If you then, who are wicked, know how to give good gifts to your children, how much more will the Father in heaven give the Holy Spirit to those who ask him?” (Luke 11:13).
And do not get drunk on wine, in which lies debauchery, but be filled with the Spirit (Ephesians 5:18).
Seraphim of Sarov, an eighteenth-century Russian Orthodox saint, was fond of saying that the whole goal of the Christian life is to “acquire the Holy Spirit.” Of course, the Spirit is a free gift from God, not some commodity we can go out and get on our own, like cable TV. And through Baptism and faith in Jesus Christ, we have already received that Spirit. But just like the Christmas presents that people have returned to the stores, this gift does us no good if we don’t unwrap it and use it. That’s why “being filled” the Holy Spirit really is our life’s work and highest goal.
How important is being filled with the Spirit? Let’s look at some men and women who played important roles in the birth of Jesus. The angel of the Lord told Zechariah that John the Baptist “will be filled with the Holy Spirit even from birth” (Luke 1:15). When Mary visited Elizabeth, we are told: “When Elizabeth heard Mary’s greeting, the baby leaped in her womb, and Elizabeth was filled with the Holy Spirit” (1:41). At the circumcision of John the Baptist, “His father Zechariah was filled with the Holy Spirit and prophesied” (1:67). St. Luke tells us of Simian that before he prophesied over the infant Jesus: “It had been revealed to him by the Holy Spirit that he should not see death before he had seen the Messiah of the Lord. He came in the Spirit into the temple” (2:26-27).
Stephen is another New Testament hero who acquired the Spirit. As any Christian does, he grew by being faithful to the day-to-day basics of life in Christ: the apostles’ teaching, fellowship with other Christians, the Eucharist, and prayer (Acts 2:42). Over time, he radiated the love of Christ more and more.
Not just once but twice, Luke emphasizes this by stating that Stephen was “filled with the Holy Spirit” (Acts 6:5; 7:55). The first time is in connection with Stephen’s humble service as the church’s first deacon. The second time refers to the way the Spirit led Stephen to a dramatic public role of healing and preaching, and then empowered him to face death joyfully as the church’s first martyr.
What an encouragement Stephen is! If you’re in an “ordinary” season of life, he reminds you that the Spirit fills and forms us through humble tasks and everyday faithfulness. If you’re in an “extraordinary” season of exceptional calling or crisis, Stephen urges you to know that God is with you to strengthen you-even with a dramatic “jolt” of the Spirit if necessary!
As we begin this New Year, set aside some time to reflect on this gift of the Spirit. One thing is sure: Your Heavenly Father wants to give you more of the Holy Spirit (see Luke 11:13)! Ask what you can do to take hold of it all, to “acquire” it. Even a small change in your ordinary life-like a short but regular prayer time-can make all the difference.
May we never settle for less than our full share of God’s gift!
“Holy Spirit, I want more of you! Fill me anew today. Teach and form me; lead and equip me. I surrender myself to you.”
Maurice Blumberg was the founding Executive Director of the National Fellowship of Catholic Men (http://www.nfcmusa.org/), and is currently a Trustee. He is also the Director of Partner Relations for Partners in Evangelism, (http://www2.wau.org/partners/), a Ministry to the Military and Prisoners for The Word Among Us. Maurice can be contacted at email@example.com.)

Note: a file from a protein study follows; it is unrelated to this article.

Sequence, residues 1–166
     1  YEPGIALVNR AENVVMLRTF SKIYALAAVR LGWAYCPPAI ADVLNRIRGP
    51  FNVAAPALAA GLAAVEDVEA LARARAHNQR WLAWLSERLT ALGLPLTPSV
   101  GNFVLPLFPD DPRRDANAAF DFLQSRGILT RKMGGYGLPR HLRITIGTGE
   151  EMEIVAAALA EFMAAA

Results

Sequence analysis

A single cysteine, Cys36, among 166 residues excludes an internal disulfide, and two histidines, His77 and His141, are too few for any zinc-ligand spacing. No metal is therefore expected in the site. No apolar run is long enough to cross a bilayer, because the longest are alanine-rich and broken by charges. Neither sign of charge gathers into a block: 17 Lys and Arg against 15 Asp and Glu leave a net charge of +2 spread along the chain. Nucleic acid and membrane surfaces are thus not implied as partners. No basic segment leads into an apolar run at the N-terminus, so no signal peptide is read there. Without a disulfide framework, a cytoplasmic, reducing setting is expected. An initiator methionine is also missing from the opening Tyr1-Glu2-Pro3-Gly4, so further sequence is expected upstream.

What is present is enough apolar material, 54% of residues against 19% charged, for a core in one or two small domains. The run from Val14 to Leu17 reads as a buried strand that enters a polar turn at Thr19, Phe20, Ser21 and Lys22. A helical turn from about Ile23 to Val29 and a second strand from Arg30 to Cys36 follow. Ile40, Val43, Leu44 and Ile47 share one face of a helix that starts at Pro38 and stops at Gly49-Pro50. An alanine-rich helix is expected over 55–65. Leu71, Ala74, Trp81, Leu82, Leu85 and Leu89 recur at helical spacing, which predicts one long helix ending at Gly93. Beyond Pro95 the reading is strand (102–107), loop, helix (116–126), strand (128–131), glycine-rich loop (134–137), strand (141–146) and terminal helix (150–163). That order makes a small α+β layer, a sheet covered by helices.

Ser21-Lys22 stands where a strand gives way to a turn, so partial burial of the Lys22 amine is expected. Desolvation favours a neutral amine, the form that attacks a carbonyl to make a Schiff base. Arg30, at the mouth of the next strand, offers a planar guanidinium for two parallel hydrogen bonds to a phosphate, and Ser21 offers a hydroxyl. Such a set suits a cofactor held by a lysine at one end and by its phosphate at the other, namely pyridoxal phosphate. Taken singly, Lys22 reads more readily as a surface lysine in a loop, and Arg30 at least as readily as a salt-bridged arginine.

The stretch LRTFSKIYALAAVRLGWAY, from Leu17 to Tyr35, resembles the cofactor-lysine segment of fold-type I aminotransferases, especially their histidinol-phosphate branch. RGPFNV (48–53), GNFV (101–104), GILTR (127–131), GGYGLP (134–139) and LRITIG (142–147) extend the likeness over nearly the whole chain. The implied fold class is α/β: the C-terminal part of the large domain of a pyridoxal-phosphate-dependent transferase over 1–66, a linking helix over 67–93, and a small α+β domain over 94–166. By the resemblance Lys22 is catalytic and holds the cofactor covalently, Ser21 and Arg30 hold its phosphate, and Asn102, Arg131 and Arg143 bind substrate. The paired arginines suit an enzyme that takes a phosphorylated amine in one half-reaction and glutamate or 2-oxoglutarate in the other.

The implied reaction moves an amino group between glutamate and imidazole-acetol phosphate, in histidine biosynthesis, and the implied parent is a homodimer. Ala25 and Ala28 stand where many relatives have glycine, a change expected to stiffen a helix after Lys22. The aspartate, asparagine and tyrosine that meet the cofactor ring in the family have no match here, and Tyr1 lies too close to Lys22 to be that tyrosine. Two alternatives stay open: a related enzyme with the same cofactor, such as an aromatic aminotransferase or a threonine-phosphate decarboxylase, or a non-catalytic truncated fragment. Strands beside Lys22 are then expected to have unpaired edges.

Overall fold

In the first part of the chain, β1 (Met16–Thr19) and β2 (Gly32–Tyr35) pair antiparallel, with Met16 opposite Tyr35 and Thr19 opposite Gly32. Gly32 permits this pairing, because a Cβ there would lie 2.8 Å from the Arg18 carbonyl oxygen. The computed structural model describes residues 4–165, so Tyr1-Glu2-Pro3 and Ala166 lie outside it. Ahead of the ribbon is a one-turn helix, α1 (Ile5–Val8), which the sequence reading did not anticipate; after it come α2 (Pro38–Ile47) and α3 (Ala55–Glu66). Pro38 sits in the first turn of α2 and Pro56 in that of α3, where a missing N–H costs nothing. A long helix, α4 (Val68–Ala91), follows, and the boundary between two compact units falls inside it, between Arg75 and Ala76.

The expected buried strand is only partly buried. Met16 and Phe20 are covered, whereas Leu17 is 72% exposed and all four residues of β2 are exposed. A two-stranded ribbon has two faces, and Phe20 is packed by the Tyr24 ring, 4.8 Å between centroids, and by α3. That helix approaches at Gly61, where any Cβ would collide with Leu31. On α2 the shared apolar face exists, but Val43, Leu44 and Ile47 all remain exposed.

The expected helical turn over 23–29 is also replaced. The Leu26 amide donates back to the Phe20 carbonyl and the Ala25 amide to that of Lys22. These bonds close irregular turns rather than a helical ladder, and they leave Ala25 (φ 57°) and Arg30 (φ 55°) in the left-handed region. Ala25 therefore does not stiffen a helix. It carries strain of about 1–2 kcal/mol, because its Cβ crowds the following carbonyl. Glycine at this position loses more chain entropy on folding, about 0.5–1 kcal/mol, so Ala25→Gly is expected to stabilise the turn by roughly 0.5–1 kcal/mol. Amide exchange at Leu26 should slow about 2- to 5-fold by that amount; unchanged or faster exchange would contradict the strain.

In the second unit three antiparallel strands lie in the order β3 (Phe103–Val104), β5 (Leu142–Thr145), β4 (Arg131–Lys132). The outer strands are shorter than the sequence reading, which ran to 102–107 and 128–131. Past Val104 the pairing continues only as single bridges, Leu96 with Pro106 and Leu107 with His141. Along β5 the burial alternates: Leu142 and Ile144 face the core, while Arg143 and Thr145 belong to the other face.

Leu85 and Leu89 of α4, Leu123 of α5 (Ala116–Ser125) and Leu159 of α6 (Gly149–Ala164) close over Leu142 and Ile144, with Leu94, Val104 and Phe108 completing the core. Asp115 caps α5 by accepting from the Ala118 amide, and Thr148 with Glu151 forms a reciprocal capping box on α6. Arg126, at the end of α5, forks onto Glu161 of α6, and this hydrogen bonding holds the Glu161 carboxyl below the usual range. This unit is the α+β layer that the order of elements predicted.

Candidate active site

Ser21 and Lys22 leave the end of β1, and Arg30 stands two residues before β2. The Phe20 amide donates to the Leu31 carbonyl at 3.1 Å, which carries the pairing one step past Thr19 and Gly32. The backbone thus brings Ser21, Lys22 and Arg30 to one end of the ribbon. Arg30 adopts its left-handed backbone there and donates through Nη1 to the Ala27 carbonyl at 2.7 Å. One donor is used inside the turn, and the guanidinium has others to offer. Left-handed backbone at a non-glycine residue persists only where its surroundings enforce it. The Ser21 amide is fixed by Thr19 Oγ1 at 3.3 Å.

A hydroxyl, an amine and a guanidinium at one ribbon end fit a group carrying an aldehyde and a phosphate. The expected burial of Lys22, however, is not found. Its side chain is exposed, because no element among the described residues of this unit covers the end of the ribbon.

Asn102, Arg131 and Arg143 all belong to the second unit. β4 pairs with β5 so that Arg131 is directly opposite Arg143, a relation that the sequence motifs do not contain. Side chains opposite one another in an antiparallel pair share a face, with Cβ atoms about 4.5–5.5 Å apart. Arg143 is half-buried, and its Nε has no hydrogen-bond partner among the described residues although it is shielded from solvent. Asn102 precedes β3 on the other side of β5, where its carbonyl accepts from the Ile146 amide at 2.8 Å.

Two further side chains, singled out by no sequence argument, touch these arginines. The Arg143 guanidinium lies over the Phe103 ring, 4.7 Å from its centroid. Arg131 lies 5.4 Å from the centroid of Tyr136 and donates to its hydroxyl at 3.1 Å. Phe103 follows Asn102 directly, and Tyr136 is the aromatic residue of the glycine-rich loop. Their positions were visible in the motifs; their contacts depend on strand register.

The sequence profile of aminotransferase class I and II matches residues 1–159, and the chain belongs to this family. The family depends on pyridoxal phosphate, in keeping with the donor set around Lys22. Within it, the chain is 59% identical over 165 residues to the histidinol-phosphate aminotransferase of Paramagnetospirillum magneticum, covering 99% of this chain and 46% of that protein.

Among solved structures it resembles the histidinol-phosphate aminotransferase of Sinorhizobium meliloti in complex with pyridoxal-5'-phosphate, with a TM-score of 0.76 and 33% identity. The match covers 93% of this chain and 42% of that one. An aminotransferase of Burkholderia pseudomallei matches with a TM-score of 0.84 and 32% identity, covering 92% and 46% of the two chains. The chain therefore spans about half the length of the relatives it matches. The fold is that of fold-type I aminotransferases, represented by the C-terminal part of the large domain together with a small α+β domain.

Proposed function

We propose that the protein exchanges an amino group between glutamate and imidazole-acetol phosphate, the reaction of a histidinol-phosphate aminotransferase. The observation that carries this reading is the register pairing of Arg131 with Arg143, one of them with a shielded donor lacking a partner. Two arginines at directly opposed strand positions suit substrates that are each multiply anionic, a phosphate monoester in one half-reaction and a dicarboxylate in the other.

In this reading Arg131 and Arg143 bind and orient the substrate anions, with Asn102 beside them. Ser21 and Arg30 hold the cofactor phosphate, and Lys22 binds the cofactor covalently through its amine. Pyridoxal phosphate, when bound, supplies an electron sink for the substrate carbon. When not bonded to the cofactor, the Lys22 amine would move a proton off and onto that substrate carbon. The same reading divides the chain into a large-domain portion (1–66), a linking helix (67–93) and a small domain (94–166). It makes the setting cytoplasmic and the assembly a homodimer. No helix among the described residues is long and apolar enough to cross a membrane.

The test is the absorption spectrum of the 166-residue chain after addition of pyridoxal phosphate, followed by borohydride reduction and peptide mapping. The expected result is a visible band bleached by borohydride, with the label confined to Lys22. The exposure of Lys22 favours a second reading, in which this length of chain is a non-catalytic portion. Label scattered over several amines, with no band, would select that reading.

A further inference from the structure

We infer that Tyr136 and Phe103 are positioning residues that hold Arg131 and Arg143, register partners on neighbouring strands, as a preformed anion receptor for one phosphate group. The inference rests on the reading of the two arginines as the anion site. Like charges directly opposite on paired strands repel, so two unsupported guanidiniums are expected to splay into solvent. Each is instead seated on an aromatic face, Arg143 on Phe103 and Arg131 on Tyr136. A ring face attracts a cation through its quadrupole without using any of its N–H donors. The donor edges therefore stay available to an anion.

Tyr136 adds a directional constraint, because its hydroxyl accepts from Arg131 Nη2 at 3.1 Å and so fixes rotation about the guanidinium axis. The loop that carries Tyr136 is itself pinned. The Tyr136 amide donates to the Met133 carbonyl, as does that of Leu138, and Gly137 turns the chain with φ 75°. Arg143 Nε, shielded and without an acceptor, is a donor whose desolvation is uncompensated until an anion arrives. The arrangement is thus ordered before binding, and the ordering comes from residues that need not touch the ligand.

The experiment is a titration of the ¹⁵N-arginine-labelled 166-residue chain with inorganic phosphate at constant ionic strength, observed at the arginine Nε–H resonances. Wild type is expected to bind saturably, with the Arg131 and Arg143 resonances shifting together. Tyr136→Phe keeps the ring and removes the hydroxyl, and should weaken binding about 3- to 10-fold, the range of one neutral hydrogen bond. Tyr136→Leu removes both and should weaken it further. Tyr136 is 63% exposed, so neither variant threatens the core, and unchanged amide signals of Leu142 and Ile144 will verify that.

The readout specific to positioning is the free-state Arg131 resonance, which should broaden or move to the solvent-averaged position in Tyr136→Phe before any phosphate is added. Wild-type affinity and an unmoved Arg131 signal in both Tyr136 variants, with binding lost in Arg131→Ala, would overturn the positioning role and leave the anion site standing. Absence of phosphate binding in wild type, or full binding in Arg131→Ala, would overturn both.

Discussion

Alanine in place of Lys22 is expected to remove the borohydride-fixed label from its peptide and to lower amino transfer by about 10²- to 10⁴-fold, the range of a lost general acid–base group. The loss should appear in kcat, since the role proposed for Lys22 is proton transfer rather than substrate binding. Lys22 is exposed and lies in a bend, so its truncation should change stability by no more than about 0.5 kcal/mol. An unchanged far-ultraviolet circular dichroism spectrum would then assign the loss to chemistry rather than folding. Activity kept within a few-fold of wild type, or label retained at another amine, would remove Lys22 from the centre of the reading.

[Many thanks to The Word Among Us (http://www.wau.org/) for allowing me to adapt some material from daily meditations in their monthly devotional magazine. Used with permission.]
Questions for Reflection/Discussion by Catholic Men
1. Take a few minutes to meditate on the Scriptures from St. Luke’s Gospel and Ephesians at the beginning of this article. What do you think they tell you about the importance of “acquiring” or being “filled” with the Holy Spirit?
2. As the article notes, the Scriptures are full of examples of men and women who were filled with the Holy Spirit, including the John the Baptist, Elizabeth, Zechariah, Simeon, and Stephen. What do you think it means to be “filled with the Holy Spirit”? How would you characterize the impact being filled with the Spirit had on each of them?
3. Why is it just as important for you and I to be filled with the Spirit as it was for those New Testament men and women mentioned in the article?
4. How have you experienced the work of and power of the Holy Spirit in your life? Share some examples. Do you believe you need more of the power of the Holy Spirit in your life? In what areas?
5. The article ends with these words: “As we begin this New Year, set aside some time to reflect on this gift of the Spirit. One thing is sure: Your Heavenly Father wants to give you more of the Holy Spirit (see Luke 11:13)! Ask what you can do to take hold of it all, to “acquire” it. Even a small change in your ordinary life-like a short but regular prayer time-can make all the difference.” What “small change” are you willing to make in 2010 to experience a deeper infilling of the Holy Spirit?
6. If you are in a men’s group, take some time at the end of your meeting to pray for one another for a fresh (and deeper) infilling of the Holy Spirit? Use the prayer at the end of the article as a starting point.